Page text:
1 gallon yield = 1 ounce tea steeped in ¾ - ½ gallon boiled water. Steep the usual time. Cool to room temperature. Add ice to each glass when ready to consume or serve.
If making a chilled fruit blend or tisane which contains no Camellia sinensis then the steep time is not crucial. Once cooled to room temperature the batch can be steeped overnight in the refrigerator & there is no need to extract the contents until ready to serve.
Cold Brew: As with the Hot Brew, it’s advisable to make a concentrate first because the ice that will be added upon serving will dilute the beverage a bit. Start by adding tea leaves to a glass pitcher containing ½ the amount of cool water that would be used to make a hot cup or batch. Using a tea filter or tea sock to contain the leaves is very helpful when it comes to extracting them, but not necessary. Leave the batch in the refrigerator overnight or for at least 6 hours. Remove tea leaves then add ice to each cup when serving or drinking. Adjust the ratios of future batches so that the strength of the concentrate suits your personal taste.
1 cup yield = 1 teaspoon tea steeped in 4 ounces cool water. Leave in the refrigerator overnight or for at least 6 hours. Extract Leaves. Add ice when ready to consume or serve.
1 gallon yield = 1 ounce tea steeped in ¾ - ½ gallon cool water. Leave in the refrigerator overnight or for at least 6 hours. Extract Leaves. Add ice to each glass when ready to consume or serve.
Sun Tea: For this method tea leaves or tea bags are steeped in a container of water left outdoors in the sun for a period of time. This is not ideal as the liquid could quickly become a breeding ground for harmful bacteria. Commercial establishments serving food & drink to customers should avoid this practice. For more information, see link .
Iced Tea Ice Cubes: Iced tea will remain fresh for a couple of days in the refrigerator. If you’ve made too much to consume in that time period pour some into Ice Cube Trays. The resulting Iced Tea Cubes are excellent refreshers for seltzer water, plain water, juice & iced tea.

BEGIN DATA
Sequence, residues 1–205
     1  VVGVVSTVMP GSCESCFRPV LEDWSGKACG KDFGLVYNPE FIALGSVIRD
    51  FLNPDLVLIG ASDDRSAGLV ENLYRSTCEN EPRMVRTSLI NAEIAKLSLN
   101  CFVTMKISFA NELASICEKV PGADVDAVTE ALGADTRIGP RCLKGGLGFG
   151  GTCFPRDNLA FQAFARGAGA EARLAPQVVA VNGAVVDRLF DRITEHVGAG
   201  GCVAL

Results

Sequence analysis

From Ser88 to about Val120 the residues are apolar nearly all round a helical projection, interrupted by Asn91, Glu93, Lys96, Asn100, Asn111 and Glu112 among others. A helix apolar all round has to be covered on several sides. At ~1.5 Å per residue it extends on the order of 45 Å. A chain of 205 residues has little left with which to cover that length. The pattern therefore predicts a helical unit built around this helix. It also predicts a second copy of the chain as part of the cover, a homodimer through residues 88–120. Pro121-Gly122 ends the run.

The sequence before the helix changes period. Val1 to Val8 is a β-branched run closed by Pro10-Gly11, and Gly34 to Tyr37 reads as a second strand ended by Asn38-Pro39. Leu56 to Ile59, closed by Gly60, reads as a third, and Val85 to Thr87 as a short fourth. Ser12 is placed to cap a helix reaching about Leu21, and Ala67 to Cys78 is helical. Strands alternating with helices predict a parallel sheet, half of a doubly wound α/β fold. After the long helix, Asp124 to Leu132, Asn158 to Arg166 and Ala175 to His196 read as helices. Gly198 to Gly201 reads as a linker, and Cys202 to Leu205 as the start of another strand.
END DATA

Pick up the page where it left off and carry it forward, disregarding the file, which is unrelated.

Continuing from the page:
Cloud Control: Why is my iced tea clouding? What can be done to prevent it? We hear it a lot. When tea “creams down” or clouds it is not an indication of poor quality nor does it indicate that the batch is not potable. There are a number of possibilities for clouding which are easily remedied.
Quick Fix: Try adding a bit of hot or boiled water to the cloudy batch ~ this usually does the trick. A pinch of baking soda might also clear the clouds without affecting the flavor.
Water Quality: As indicated earlier water quality is crucial & could be the culprit. Hard water is heavy with minerals which don’t dissolve easily. If you’re confident that the water is not the issue then temperature might be.
Cool to Room Temp: Before refrigerating or adding ice be sure to cool the hot brew to room temperature. Doing so will give certain solids the tea leaves release into the liquid (theaflavins) enough time to dissolve.
Too often we read that inferior tea clouds when iced. Not True! Any type of tea, black particularly, could have the propensity to cloud; it’s not something that is easily determined. For a thorough report on clouding see Joshua Rigsby’s article entitled “Clouds in You Cup? Iced Tea Clouding 101” in the August 2011 issue of Tea & Coffee Trade Journal: http://catalog.proemags.com/publication/81aaedea#/81aaedea/30 .
On a positive note, cold brew tea doesn’t cloud! Statistics show that the vast majority of tea consumed in the USA is iced. Hot Brew or Cold Brew, regardless the favored method, it can’t be denied that this simple beverage is no longer just a summer-time refresher, it’s an American staple.
Here’s one for the road!
~ Linda Villano, SerendipiTea.com
Automatically run a search for all posts by Linda Villano, HERE.
- - -
GO TO BLOG HOME FOR ARCHIVED ENTRIES & SEARCH AUTHORS / TOPICS
© All content and images are copyright of author unless otherwise noted.
- - -
LINDA VILLANO co-founded SerendipiTea.com in 1995 with Tomislav Podreka. With a passion for all things Tea, she oversees all aspects of the business; including client consulting, concept and design, staff training, sourcing and product development (recipe creations). Having grown up in a family of restaurateurs and chefs, she considers her role as a purveyor of premium teas & tisanes a natural continuation of her family’s culinary tradition. Linda is a published illustrator and writer. Her illustrations appear in Tomislav Podreka’s book, SerendipiTea: a guide to the varieties, origins and rituals of tea, and she writes articles about tea for trade publications.
Linda also writes for TeaCourse.com - check it out for more in depth knowledge on all things tea.
- - -
THIS NEWS OR BLOG POST IS SPONSORED & PUBLISHED BY TheTeaHouseTimes.com
The Tea House Times is published 6x per year (in print or via download) plus weekly eNews.
SINGLE ISSUES | SUBSCRIBE | ADVERTISE | CONTACT
SOCIAL MEDIA - Follow us @teahousetimes
EDUCATION - TeaCourse.com | TeaEtiquetteCertified.com | TeaCourseFastTrack.com
SHARE THIS ↓